Bill Clinton, former president of America, says he has no plans to directly ask Monica Lewinsky for forgiveness.
In 1998, the news of an affair between Clinton, who was then president, and Lewinsky, a 21-year-old intern at the White House, went viral.
Clinton had at first denied his affair with Lewinsky. He, however, later admitted to it with an apology.
The scandal led to his impeachment trial, though he was acquitted.
Clinton publicly acknowledged at the National Prayer Breakfast in 1998 that he had “sinned.”
“I don’t think there is a fancy way to say that I have sinned. It is important to me that everybody who has been hurt know that the sorrow I feel is genuine — first and most important, my family, also my friends, my staff, my cabinet, Monica Lewinsky and her family, and the American people,” he had said.
But Clinton told Today in an interviewthat he does not owe Lewinsky an apology.
“I do not. I have never talked to her. But I did say, publicly, on more than one occasion, that I was sorry,” he said.
“That’s very different. The apology was public. I apologized to everybody in the world. I have not talked to her. I never talked to her.”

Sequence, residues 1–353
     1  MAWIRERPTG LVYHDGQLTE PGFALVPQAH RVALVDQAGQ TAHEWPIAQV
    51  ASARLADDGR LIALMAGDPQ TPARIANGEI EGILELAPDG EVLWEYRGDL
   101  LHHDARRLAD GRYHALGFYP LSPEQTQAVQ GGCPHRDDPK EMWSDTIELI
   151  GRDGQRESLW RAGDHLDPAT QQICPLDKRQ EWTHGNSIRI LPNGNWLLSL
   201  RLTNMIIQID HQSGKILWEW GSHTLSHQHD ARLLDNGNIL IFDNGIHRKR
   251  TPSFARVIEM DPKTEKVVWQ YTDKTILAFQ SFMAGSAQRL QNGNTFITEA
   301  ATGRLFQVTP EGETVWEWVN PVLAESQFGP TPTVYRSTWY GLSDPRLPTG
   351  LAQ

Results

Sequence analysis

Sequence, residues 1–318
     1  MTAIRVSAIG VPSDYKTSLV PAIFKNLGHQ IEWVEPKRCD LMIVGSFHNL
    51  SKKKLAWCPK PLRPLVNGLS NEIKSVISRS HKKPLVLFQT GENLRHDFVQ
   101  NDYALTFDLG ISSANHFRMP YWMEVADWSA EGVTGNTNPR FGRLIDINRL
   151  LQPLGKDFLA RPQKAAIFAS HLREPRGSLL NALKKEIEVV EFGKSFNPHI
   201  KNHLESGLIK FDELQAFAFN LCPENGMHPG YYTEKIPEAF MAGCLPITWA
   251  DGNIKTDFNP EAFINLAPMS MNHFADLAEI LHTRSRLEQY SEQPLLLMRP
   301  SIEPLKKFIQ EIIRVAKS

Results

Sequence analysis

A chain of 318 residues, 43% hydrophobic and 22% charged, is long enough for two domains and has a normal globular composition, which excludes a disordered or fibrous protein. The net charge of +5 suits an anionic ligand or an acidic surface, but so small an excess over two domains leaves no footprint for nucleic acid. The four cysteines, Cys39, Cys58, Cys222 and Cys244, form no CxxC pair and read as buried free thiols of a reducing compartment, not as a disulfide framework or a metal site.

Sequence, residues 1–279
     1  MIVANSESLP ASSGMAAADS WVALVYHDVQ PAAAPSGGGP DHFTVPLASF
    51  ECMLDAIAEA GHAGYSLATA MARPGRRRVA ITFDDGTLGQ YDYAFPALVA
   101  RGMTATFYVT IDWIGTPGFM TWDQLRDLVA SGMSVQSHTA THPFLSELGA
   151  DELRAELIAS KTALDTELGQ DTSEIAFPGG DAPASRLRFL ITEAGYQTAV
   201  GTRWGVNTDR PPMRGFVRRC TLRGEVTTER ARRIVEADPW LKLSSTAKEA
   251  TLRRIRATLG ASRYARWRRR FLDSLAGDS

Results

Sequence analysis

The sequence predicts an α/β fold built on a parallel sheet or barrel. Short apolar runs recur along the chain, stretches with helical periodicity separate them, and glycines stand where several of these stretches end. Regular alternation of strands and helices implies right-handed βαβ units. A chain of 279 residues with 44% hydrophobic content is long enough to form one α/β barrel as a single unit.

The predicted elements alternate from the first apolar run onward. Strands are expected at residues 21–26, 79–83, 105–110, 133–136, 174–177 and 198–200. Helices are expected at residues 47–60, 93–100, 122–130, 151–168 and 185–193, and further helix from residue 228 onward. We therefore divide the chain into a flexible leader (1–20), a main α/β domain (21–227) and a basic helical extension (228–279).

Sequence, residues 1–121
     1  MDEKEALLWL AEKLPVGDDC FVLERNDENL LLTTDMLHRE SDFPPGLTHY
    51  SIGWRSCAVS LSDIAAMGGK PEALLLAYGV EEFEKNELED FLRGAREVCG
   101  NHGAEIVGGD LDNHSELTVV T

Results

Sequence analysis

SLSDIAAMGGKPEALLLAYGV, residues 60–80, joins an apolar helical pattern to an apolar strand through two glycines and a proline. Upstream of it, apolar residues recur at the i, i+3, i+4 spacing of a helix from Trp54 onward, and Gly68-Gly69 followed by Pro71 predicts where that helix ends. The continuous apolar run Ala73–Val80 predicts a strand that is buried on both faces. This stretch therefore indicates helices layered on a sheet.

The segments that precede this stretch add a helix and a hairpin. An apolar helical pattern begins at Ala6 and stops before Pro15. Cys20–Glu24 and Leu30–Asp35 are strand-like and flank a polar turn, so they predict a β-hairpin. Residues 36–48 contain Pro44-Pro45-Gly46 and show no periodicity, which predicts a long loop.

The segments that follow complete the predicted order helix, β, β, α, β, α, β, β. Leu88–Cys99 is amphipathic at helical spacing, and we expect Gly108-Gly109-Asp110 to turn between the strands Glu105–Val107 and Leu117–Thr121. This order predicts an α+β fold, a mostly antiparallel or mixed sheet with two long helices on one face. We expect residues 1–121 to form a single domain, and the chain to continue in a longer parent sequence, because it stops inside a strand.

Reacting to comments that he should have resigned at the time, Clinton defended his decision to instead fight impeachment charges.
He said he would not have changed his approach, in light of #MeToo movement, a group asking women to break the silence of abuse.
“I think I did the right thing,” he said.
Clinton said he did not feel any more responsibility about the affair now than he did when the scandal surfaced two decades ago.
“I felt terrible then. And I came to grips with it,” he said.
“And nobody believes that I got out of that for free. I left the White House $16 million in debt.
“But you typically have ignored gaping facts in describing this. And I bet you don’t even know them. This was litigated 20 years ago. Two-thirds of the American people sided with me and they were not insensitive to that.”